A man in Charleston, S. C., was arrested this week after beheading a statue of Jesus Christ at the Sacred Heart Catholic Church. When asked why he would do such a thing, he said he was following God's commandments.
According to a Raw Story report on June 18, 38-year-old Charles Jeffrey Short was arrested near Sacred Heart Catholic Church when it was discovered he had a white dust-encrusted sledgehammer in his backpack.
Police were called to the Catholic church early Sunday morning when parishioners noticed that a statue of Jesus Christ was without its head. Upon arrival, they noted a man walking away from the church and stopped him, asking him of his whereabouts. Short allegedly pointed toward the church and the officer then asked if he could search his backpack, whereupon sledgehammer was found. It was also caked with white residue indicative of recently being used to hammer something.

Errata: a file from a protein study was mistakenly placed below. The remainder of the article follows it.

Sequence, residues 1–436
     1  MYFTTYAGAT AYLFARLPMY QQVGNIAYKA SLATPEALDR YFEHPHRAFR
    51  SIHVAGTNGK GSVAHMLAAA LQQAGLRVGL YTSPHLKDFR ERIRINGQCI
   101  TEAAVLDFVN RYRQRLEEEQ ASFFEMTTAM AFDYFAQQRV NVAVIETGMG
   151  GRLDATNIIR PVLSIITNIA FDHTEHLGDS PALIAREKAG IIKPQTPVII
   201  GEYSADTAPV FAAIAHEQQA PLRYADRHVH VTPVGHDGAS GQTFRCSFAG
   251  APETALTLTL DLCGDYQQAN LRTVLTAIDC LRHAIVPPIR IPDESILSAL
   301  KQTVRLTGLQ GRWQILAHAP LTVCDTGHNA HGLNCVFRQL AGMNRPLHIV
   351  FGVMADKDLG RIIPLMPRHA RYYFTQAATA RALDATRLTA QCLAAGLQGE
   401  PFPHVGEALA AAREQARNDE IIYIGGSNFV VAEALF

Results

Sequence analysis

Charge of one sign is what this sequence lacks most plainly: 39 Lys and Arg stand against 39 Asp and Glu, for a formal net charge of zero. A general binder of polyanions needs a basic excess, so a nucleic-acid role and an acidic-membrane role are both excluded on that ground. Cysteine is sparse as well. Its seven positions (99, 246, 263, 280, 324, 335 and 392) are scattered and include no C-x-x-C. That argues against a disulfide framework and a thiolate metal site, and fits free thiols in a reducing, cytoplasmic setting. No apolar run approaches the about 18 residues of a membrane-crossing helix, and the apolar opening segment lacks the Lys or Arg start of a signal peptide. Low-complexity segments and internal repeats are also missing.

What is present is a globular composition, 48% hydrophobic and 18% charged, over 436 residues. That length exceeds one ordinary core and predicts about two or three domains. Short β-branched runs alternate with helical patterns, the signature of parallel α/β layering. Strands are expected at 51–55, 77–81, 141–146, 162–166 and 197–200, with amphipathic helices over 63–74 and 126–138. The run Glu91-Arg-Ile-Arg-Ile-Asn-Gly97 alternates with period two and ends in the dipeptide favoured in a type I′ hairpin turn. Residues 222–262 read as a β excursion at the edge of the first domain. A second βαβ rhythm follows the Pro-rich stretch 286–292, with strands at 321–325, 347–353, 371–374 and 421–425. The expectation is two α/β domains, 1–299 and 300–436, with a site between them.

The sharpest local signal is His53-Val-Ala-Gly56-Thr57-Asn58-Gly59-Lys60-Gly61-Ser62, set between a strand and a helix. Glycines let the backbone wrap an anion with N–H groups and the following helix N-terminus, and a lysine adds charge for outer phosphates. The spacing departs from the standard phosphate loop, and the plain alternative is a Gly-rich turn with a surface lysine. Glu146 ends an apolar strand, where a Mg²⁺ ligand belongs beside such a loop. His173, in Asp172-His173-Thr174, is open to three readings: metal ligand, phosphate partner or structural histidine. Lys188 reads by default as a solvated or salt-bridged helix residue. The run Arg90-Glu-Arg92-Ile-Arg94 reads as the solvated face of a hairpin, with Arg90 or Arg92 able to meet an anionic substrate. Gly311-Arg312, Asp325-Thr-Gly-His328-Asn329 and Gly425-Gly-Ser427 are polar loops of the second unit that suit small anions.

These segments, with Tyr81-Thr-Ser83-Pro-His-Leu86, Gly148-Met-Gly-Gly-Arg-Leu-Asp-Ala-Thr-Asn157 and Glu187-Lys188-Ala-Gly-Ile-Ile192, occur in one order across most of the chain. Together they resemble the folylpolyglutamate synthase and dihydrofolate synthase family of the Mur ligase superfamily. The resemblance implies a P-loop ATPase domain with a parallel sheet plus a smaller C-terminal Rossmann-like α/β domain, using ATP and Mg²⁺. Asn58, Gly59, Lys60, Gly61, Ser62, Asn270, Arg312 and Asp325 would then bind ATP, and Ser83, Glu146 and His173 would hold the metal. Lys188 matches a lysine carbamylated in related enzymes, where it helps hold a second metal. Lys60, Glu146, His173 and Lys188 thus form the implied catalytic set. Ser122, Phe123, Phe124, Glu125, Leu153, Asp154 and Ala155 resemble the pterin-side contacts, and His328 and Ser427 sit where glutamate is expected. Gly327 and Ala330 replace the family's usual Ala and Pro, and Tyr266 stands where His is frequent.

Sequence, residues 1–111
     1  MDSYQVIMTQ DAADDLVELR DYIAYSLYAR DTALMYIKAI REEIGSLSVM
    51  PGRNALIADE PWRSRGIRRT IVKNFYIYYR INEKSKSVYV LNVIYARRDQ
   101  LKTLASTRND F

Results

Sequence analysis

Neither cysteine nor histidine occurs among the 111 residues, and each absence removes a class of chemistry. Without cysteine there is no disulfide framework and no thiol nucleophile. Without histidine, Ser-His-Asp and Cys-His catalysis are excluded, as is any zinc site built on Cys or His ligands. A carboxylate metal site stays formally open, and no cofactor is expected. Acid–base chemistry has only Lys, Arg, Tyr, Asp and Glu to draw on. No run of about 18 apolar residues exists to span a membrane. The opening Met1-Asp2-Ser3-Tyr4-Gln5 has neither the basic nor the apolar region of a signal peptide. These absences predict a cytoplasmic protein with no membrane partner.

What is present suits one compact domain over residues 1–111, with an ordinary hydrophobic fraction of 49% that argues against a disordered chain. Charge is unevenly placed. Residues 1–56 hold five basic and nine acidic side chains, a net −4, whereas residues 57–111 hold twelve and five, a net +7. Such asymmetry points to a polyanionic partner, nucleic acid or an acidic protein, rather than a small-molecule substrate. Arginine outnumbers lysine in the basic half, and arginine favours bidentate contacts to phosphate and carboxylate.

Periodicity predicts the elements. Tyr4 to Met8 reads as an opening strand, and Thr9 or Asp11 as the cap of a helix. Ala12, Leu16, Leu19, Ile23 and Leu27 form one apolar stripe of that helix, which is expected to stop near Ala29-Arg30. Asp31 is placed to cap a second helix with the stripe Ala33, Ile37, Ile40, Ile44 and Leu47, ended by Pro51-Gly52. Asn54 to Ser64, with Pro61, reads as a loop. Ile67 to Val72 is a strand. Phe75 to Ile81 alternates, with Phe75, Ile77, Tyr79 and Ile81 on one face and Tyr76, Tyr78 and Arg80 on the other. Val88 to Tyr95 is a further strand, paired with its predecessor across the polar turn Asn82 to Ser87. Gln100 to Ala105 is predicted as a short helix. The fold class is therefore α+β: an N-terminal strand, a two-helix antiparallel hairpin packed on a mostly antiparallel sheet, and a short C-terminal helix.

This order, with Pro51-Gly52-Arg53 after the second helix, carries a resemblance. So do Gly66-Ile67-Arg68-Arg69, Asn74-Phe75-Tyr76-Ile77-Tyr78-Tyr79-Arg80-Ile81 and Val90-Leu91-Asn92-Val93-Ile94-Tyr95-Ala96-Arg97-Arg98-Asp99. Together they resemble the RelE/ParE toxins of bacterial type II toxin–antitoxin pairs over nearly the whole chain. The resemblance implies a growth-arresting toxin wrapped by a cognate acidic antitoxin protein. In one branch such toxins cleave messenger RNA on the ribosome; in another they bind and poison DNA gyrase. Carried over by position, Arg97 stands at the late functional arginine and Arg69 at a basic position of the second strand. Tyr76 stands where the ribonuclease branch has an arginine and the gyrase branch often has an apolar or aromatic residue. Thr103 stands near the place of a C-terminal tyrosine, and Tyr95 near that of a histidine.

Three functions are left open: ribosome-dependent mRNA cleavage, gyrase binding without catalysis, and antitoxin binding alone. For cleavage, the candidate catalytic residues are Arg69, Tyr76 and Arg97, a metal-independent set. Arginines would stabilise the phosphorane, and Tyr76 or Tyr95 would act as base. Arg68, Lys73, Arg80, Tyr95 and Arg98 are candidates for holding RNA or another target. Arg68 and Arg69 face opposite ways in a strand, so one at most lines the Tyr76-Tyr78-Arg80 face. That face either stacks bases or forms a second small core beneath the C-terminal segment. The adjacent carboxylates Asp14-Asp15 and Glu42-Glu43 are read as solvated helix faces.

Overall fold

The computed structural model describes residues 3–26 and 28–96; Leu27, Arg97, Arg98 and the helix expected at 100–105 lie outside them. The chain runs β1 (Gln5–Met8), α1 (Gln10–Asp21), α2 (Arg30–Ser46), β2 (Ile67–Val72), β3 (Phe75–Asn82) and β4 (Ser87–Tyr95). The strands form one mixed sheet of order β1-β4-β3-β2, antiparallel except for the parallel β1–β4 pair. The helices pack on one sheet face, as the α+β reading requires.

Short was Mirandized but, instead of remaining silent, insisted on telling the police officer why he had decapitated the statue.
According to Charles Short, per the police report, “the Second or First Commandment forbids making an image of a male or female to be on display in public.” He admitted to hitting the statue six or seven times.
Of course, Short's knowledge of the Mosaic code is only slightly inaccurate. It is actually the second commandment of Moses' Law that speaks of false idols, which originates in the Book of Exodus in the Bible: "You shall not make for yourself a carved image—any likeness of anything that is in heaven above, or that is in the earth beneath, or that is in the water under the earth; you shall not bow down to them nor serve them. For I, the LORD your God, am a jealous God, visiting the iniquity of the fathers upon the children to the third and fourth generations of those who hate Me, but showing mercy to thousands, to those who love Me and keep My commandments."
However, forbidding the worship of graven images and false idols appears several times in the Bible in books like Deuteronomy and Leviticus.
According to The Post and Courier, Short's arrest prompted Charleston police to look into whether or not there was a connection to another case of church vandalism in the area just days before the Jesus decapitation.
A statue of Jesus and a child at the very same church had had both heads and hands removed sometime Friday. According to church officials, that statue was worth about $5,000.